In the tweet announcing Season 2, Netflix reveals that the show will return in 2020 with not set release date. However, it seems likely that the series will stick with what works and return for Halloween 2020.
Then again, it could come sooner. Season 1 started filming in October 2017 and released a year later, so Season 2 could potentially arrive in time for Halloween 2019. So it’s possible the series could return as soon as February 2020, assuming Netflix doesn’t care about coinciding with Halloween.
Why Haunting of Hill House Season 2 Could Mean An Anthology Series
The new teaser also seems to confirm a brand new story, especially since the title no longer includes the words “Hill House.” Again, this doesn’t come as a huge surprise. The first season did wrap the Crain family’s story up as neatly as could be expected, and according to series creator Mike Flanagan we probably won’t be seeing them again.
“As far as I’ve ever been concerned with this, the story of the Crain family is told. It’s done,” he told EW.
However, that doesn’t necessarily mean the show needs to end just because the Cain family is no longer the focus.
“I think that there are all sorts of different directions we could go in, with the house or with something completely different,” Flanagan said. “I love the idea of an anthology as well. The show is about haunted places and haunted people… So, there’s any number of things we could do, in or out of Hill House.”
While you might not get to see what comes next for the Crain family, you can rewatch the first season to see if you spot clues you missed the first time. Flanagan even recommends doing so.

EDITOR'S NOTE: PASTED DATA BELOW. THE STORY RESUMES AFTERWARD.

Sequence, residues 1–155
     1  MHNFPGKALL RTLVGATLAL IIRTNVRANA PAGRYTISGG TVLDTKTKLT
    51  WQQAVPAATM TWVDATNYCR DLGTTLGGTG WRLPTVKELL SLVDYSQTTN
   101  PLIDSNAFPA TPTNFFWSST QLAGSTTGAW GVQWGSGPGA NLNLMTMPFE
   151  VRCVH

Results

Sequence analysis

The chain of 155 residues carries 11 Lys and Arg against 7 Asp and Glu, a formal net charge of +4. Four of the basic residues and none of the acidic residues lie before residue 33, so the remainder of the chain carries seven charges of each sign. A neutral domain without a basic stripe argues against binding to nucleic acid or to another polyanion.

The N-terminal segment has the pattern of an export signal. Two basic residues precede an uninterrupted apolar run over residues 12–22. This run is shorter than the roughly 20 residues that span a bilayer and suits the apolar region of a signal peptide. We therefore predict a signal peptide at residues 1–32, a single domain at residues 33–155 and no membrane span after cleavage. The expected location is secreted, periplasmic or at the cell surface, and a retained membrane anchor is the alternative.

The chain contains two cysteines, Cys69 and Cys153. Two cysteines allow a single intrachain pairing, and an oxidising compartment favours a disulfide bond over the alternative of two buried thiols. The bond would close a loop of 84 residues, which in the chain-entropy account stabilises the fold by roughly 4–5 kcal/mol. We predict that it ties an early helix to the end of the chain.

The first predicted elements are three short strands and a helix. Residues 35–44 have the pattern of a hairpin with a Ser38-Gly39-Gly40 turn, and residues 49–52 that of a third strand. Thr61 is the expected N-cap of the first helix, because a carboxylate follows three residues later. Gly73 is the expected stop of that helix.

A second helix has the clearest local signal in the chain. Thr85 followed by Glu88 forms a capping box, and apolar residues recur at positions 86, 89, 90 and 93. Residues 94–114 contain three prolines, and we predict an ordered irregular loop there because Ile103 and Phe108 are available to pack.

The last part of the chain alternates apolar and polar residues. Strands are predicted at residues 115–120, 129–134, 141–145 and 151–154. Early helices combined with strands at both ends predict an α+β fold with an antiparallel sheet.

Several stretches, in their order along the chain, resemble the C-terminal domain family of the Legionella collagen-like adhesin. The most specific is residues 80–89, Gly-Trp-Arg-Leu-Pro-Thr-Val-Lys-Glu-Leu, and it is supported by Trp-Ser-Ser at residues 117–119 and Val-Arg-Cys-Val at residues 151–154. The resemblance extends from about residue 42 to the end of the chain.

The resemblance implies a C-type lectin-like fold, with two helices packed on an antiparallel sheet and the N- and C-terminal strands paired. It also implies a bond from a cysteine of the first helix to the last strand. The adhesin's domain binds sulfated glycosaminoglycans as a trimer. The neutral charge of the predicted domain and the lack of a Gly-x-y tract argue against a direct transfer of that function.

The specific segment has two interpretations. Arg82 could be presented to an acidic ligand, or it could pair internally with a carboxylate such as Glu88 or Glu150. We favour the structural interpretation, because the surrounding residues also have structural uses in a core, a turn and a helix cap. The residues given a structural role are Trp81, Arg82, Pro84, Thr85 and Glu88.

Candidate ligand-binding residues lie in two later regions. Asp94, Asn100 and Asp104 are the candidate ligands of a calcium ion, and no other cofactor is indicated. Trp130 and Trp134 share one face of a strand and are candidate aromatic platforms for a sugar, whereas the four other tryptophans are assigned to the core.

Because they wrote the entire season before they started filming, “we were able to go back and make sure that a lot of the threads that are coming from the back half are really well settled in the first half, and some of them are so slight and so subtle, I do think it’s gonna be a really interesting view on a second pass,” he said to EW.
So at least that’s something to do while you wait for the show’s possible Season 2 return.
Is There a Trailer for The Haunting of Hill House Season 2?
For now, all we have is that short teaser video, but the accompanying tweet suggests there may be a clue to the new plot in the audio. So give it another listen and maybe you can figure it out.
How to Read the Original Haunting of Hill House Book
While we remain in limbo regarding a Season 2, you can always check out Jackson’s original novel.
As redditor u/Fhlux notes, the ebook version is on sale for $1.99 on Apple iBooks. Other fans added that it’s the same price on Amazon and Google Play in the thread. So no matter which platform you prefer, you can check out the source material for cheap.
Why You Should Read the Book and Watch the Series
The two are very different, and Flanagan told EW his version is “more of a remix” than an adaptation. He didn’t want to “out Shirley Jackson Shirley Jackson” or “one-up Robert Wise,” who directed the 1963 film based on the book, he explained.
“It was about opening up the book, going through it line by line, and picking out the moments and the characters and the themes and even lines of prayers that really spoke to me in trying to take all those pieces and put them together in a new order and build out around them,” he said.
That means you won’t be spoiled for one if you check out the other. In other words, the novel “won’t ‘compete’ with the show,” redditor u/S0noPritch says, calling it “its own story.”
Instead, reading the novel can enhance the experience of watching the Netflix series. “The story is different but the overall message is very similar and whole lines of dialogue from the book are in the show, as well as the characters (though they may be slightly different),” redditor u/BrandonW77 writes.
“In the show, there are lots and lots of Easter eggs and nods to the original story,” they continue.
So, if you have watched the series already, why not read the book and then rewatch the first season and see what you missed the first time while we wait to hear about a Season 2?
The Haunting of Hill House is now available to stream on Netflix.
Related video: A Neuroscientist Explains What Horror Movies Do to Your Brain